What are some things you definitely need to know for acute care?

Definitely know vitals and what to do if specific vitals increase or decrease throughout a session (i.e. orthostatic hypotension, increased heart rate, low O2 sats, etc.), know precautions (i.e. fall precautions, patient should always wear grippy socks if they are going to stand, ortho precautions, blood pressure precautions, etc.), and know medical terminology. When reviewing patients charts, everything is going to be in medical jargon, so definitely brush up on common abbreviations, terms and conditions.

Is there really as much “bodily fluids” as people think?

I’ve only been there a week, but there is definitely bodily fluids… I’ve heard a lot of stories from other therapists as well, so I have a feeling that I’ll be seeing a lot throughout the next 11 weeks.

How do you feel comfortable with co-treats as a student?

At first it’s going to be intimidating! I have had 2 co-evals with PTs (who’ve been practicing for quite a while) so I sort of let them lead the session, but I had already seen so many co-evals with my CI so I knew the rhythm that usually occurs with the PTs (bouncing back and forth asking questions, assessing strength, doing exercises), so I already felt a little bit comfortable. Plus the PTs knew I was a student, so it’s not like they were going to leave me in the dust! One thing for sure is to not feel like you can’t ask more questions or ask the PT to refrain from doing things for the patient (i.e. the PT I was co-evaluating with put the socks on for the patient, and in my head I wanted to tell him not to and let the patient do it so I could observe. Afterwards, my CI and the PT said I could have stepped in even if I was uncomfortable, so that made me feel better).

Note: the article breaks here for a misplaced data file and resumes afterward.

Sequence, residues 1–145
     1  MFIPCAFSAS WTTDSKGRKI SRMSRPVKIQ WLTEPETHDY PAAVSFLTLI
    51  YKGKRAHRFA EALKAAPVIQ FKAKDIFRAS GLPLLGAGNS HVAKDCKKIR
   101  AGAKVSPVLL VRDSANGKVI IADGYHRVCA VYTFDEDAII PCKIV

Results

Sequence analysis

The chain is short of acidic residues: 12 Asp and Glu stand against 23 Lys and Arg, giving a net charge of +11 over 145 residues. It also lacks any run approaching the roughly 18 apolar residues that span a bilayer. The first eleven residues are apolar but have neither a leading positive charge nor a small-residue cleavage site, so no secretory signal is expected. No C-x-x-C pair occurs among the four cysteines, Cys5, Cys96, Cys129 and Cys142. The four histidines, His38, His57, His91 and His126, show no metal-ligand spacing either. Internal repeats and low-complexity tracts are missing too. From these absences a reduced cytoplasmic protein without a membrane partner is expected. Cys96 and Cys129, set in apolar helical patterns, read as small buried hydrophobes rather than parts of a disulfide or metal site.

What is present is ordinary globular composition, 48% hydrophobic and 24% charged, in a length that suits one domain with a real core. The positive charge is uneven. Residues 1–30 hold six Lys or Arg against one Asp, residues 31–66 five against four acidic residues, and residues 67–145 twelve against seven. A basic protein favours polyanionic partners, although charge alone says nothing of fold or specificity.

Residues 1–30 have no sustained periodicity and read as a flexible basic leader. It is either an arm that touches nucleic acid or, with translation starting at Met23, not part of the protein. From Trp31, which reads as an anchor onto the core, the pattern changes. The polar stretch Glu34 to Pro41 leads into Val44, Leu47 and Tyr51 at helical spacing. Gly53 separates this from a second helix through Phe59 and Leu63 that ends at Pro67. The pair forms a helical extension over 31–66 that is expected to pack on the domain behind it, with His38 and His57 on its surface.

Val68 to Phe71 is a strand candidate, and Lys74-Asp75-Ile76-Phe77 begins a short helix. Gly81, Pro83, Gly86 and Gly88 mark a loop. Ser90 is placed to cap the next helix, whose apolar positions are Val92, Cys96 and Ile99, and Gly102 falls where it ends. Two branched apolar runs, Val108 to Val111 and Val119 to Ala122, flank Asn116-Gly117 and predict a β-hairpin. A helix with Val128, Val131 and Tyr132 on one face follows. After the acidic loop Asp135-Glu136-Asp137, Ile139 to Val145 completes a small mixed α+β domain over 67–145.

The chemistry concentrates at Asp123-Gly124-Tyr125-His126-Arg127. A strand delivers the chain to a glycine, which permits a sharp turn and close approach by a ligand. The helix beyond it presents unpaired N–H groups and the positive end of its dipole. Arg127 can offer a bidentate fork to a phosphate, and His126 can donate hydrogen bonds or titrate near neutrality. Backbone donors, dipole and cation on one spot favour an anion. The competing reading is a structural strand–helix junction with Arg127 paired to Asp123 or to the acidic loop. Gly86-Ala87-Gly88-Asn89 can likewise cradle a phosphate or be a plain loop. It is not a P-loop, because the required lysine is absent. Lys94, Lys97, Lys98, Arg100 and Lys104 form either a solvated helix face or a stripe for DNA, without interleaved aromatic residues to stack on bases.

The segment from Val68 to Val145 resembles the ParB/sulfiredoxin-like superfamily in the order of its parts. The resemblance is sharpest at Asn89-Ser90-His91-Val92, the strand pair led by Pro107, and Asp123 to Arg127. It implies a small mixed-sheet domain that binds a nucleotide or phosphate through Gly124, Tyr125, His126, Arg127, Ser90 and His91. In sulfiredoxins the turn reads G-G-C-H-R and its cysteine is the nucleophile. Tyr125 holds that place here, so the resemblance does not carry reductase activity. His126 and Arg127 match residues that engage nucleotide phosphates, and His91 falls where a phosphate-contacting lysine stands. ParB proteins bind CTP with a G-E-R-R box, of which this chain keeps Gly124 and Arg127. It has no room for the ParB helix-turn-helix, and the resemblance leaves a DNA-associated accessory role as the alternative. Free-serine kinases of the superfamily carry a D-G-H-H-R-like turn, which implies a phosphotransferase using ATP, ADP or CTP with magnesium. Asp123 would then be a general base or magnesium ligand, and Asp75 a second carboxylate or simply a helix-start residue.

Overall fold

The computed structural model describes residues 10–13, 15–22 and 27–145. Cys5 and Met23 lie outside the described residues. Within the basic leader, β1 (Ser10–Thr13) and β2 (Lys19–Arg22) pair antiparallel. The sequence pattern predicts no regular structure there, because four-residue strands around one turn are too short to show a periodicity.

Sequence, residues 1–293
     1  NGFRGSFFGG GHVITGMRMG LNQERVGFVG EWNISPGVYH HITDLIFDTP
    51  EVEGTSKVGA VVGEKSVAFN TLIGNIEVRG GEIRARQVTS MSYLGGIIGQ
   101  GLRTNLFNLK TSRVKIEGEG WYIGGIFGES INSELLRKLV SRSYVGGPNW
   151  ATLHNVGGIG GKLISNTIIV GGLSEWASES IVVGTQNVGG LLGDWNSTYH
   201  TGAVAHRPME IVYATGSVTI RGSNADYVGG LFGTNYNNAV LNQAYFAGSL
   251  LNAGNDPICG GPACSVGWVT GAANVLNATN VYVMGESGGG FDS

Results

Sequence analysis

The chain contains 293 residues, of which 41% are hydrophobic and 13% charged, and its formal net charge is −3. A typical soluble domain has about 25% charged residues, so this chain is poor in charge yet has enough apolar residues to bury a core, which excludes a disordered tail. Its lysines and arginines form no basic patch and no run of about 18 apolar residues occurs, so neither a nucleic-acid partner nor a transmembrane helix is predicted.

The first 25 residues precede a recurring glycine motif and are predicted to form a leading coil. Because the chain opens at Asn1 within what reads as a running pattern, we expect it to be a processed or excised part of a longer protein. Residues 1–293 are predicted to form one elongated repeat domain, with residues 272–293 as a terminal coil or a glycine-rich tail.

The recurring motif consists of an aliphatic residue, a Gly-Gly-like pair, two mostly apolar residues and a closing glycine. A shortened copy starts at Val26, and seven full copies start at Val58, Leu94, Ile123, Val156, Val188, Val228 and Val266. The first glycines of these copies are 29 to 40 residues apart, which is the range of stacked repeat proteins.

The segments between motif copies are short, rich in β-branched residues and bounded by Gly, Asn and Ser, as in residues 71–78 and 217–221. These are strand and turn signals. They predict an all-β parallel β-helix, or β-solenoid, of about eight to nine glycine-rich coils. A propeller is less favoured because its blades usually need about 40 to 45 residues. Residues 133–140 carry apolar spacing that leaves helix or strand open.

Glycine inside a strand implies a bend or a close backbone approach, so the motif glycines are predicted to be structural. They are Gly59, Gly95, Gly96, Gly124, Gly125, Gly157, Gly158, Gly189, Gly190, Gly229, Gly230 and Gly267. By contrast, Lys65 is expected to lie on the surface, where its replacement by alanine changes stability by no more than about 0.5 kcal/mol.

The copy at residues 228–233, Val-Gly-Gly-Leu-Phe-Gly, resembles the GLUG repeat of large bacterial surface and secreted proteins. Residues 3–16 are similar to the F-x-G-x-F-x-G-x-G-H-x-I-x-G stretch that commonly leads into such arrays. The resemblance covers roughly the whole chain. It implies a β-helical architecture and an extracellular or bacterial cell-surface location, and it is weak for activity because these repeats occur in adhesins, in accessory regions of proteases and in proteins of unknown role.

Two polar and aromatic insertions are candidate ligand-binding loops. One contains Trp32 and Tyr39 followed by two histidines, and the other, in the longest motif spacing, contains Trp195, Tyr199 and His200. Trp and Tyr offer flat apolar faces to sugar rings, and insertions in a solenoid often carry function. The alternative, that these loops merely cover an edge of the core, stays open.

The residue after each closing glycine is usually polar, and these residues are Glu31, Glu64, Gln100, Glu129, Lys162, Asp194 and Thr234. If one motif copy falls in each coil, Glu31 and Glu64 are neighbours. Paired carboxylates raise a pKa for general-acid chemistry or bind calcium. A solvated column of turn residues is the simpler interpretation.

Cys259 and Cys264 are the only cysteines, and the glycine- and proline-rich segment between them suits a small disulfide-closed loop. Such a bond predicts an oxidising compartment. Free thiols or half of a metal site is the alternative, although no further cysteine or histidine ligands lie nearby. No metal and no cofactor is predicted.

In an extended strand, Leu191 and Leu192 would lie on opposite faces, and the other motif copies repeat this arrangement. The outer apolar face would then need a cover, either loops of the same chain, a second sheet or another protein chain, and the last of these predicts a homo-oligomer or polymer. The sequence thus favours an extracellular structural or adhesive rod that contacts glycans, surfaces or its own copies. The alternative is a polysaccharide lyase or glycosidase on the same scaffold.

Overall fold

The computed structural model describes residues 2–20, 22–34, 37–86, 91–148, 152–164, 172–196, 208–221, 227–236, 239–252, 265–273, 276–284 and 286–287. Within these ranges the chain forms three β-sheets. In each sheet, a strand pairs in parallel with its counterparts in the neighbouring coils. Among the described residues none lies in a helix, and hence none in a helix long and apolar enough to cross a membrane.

One thing that also helped make me feel comfortable is that there is a PT student on the acute floor with me, and my CI will often co-treat with his CI, because of this, the PT student and I have been learning at a similar pace and we have had the chance to co-treat together (which is a lot less intimidating than co-treating with an actual PT!)

Do you see COVID positive patients?

Every patient gets tested twice when they get to the hospital, so all of the patients I see have double negative tests. There is a COVID floor in the hospital but I haven’t been up there, and I don’t think my school would allow it. All of the therapists are on a rotating schedule to work on the COVID floor, and my CI will be up there in September. I will most likely be supervised by another OT during that time.